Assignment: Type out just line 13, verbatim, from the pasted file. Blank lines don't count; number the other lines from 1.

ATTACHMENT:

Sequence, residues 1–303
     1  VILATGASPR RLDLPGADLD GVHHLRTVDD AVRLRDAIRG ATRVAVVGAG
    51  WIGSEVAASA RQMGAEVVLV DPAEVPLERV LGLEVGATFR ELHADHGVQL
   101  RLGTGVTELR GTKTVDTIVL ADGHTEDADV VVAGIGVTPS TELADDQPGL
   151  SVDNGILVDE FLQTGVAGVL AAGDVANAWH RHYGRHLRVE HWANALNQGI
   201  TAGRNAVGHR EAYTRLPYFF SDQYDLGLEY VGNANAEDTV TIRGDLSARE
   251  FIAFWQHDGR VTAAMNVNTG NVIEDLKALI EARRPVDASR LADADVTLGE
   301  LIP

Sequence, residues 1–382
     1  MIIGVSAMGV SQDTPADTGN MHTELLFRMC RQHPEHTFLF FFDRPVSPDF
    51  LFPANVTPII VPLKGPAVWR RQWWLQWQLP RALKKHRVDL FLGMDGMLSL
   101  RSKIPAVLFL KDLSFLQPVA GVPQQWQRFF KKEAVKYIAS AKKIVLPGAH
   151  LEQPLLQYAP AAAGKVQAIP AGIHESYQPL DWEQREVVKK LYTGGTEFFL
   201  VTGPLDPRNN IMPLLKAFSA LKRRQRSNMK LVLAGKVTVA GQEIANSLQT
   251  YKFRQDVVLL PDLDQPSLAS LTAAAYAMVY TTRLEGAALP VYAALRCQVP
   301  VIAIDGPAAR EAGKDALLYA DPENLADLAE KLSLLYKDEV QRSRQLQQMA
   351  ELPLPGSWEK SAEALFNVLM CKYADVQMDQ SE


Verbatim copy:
   151  LEQPLLQYAP AAAGKVQAIP AGIHESYQPL DWEQREVVKK LYTGGTEFFL